Before the Covid-19 pandemic, no New Zealander would have heard of MIQ or the Managed Isolation and Quarantine system.

It was on April 9, 2020, that New Zealand’s MIQ started at a few hotels after NZ closed its borders to all but citizens and residents. Over time, in line with NZ's elimination strategy, the MIQ system evolved into the frontline defence in the fight against Covid-19.

And with anyone travelling to NZ having to go through 14 days at a MIQ facility along with the number of Covid tests before they could safely come to the community, NZ’s MIQ arrangements were some of the tightest in the world.

However, over time and with the world acknowledging that Covid-19 and its new variants are here to stay, the need for MIQ has started being questioned and there have been voices asking to dismantle the MIQ

The government has recently announced that fully vaccinated Kiwi travellers returning from all countries will no longer be required to stay in managed isolation and quarantine (MIQ) from February 14. Also, NZ citizens and residents returning from Australia will get to bypass MIQ even earlier, starting from January 17 and then from April 30, NZ will start to reopen to all fully vaccinated foreign nationals

However, the new Omicron variant could change that. The government’s Covid-19 Response Ministry spokesperson has recently said, “We've signalled that we were going to remove border restrictions in January/February. Of course, the worst-case scenario is that we may have to revisit that. Still very early days yet, still too soon to be making those kinds of predictions."

The Omicron variant was first reported by South African health officials on November 24?. But it might have been detected in Europe days before South Africa raised the alarm.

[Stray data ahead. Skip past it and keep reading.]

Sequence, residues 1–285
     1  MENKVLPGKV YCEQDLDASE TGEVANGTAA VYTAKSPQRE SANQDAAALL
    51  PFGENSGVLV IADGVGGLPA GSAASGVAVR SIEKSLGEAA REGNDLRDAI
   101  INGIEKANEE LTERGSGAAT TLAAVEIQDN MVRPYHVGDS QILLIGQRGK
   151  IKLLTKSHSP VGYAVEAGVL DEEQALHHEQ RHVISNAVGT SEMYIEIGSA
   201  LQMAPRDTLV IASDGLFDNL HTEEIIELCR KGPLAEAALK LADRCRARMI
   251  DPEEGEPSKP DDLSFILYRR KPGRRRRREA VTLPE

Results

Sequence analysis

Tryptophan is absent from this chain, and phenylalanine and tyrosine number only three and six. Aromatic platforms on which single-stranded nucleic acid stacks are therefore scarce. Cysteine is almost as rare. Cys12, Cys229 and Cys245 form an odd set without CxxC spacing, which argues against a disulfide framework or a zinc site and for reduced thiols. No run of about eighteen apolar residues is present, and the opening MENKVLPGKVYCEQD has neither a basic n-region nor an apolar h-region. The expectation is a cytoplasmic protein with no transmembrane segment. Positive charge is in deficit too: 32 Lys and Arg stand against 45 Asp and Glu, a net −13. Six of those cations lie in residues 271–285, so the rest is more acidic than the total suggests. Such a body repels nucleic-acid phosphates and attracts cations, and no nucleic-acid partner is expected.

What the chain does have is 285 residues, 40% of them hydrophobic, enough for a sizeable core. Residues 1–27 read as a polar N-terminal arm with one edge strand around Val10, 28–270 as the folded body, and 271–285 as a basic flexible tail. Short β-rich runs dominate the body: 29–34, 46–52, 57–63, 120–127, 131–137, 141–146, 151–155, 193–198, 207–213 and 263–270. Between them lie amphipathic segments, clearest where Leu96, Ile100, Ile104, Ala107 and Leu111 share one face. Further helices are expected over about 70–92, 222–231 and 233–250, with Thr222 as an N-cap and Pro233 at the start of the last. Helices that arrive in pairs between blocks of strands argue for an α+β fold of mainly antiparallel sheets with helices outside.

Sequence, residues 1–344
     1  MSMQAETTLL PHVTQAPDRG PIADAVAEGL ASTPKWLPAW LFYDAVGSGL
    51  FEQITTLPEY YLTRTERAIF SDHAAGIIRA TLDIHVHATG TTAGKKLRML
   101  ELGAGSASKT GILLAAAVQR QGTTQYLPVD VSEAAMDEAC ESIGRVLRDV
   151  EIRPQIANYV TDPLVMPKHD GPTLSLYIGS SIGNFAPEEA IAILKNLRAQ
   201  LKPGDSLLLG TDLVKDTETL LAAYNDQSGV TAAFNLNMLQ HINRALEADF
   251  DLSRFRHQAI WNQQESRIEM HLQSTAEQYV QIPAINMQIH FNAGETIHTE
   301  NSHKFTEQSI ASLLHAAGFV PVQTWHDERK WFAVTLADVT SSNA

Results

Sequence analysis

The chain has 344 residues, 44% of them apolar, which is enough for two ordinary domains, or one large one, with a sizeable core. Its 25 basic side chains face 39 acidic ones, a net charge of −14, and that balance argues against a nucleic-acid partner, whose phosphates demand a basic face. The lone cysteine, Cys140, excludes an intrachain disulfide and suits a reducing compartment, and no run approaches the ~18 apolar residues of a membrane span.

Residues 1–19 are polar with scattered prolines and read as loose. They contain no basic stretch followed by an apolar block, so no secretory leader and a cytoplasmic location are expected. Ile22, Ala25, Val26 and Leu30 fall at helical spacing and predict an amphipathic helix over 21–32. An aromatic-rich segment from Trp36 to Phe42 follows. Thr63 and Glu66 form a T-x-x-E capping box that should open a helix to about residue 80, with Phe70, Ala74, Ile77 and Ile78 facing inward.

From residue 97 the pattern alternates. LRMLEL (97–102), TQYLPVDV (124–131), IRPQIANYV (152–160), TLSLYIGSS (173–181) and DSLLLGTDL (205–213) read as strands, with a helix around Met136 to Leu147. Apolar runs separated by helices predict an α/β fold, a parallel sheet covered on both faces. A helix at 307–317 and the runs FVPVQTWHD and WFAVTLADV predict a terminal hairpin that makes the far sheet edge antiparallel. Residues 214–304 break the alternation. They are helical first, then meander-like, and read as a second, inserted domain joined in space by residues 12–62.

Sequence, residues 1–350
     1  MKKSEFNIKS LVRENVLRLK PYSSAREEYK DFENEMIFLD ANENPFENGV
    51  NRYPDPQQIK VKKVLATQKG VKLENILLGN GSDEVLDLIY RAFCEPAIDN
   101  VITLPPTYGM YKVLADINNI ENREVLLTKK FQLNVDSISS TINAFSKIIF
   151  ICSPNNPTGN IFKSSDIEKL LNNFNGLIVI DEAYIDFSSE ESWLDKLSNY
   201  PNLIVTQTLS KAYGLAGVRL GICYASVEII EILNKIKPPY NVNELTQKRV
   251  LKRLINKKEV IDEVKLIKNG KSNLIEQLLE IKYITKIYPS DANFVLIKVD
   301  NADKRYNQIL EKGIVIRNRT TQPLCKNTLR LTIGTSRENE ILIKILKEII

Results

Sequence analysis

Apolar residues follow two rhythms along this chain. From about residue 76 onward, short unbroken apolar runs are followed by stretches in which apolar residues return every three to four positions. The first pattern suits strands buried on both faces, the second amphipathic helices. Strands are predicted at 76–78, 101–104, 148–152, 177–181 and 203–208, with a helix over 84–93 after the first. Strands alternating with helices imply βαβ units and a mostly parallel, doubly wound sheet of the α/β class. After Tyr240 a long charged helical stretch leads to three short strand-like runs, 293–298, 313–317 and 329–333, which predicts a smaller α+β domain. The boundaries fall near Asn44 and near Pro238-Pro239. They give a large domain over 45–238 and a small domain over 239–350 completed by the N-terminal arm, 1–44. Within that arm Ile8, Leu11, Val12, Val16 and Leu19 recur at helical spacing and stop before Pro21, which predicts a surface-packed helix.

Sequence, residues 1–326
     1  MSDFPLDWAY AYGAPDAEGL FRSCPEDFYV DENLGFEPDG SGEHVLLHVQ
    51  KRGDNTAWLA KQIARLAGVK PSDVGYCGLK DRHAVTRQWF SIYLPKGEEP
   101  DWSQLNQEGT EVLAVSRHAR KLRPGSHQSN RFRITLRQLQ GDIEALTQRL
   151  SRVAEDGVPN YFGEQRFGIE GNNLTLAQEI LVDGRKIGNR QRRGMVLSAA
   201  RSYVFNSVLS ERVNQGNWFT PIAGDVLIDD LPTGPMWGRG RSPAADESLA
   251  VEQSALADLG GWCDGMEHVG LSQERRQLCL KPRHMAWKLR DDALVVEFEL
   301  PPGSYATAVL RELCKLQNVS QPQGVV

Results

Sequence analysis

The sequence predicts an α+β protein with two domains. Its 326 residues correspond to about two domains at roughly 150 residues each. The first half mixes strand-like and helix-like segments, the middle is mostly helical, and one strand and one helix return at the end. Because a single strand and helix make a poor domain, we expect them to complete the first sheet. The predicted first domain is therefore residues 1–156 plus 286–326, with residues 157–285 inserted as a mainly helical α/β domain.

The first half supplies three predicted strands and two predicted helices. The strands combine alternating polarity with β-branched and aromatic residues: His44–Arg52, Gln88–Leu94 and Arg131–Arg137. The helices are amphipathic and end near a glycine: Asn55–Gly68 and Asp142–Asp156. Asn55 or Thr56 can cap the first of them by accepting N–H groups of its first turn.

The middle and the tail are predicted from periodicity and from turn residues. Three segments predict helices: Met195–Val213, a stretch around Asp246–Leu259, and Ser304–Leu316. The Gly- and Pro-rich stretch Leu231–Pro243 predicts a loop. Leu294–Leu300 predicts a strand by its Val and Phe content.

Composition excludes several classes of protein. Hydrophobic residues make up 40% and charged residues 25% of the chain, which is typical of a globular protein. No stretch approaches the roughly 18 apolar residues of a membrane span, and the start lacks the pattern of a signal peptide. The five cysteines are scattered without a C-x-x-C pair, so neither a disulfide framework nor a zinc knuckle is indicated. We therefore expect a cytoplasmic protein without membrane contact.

Indian Weekender spoke to leading political parties to know whether they would support MIQ in the event of a new Omicron variant or would they still want to dismantle it completely with a permanent move to self-isolation and negative pre-travel Covid test. Interestingly, all the political parties had a different take on the same.

 

Chris Bishop, National Party’s COVID-19 Response spokesperson

National's view is we should be removing the requirement for fully vaccinated people to enter MIQ when they enter NZ (if they have a negative pre-departure test).

We will continue to need quarantine rooms for people who are unvaccinated and who test positive on arrival or in the community. 

 

David Seymour, ACT Party leader

We should keep MIQ for another two weeks until Omicron details become known, then make it for high risk and unvaccinated only, and we should close borders selectively when new variants emerge.

 

Dr Elizabeth Kerekere, Green Party Covid 19 Response spokesperson

“Tight border restrictions have been a crucial part of protecting people in Aotearoa New Zealand, but as the pandemic continues, we need a fairer way to manage the risks posed by international travel.

“We need to maintain capacity for managed isolation in the event that new variants coming to Aotearoa make home isolation unsafe.

“Independent of our border response, we need a specific work programme to reunite split families and bring migrants stuck offshore.”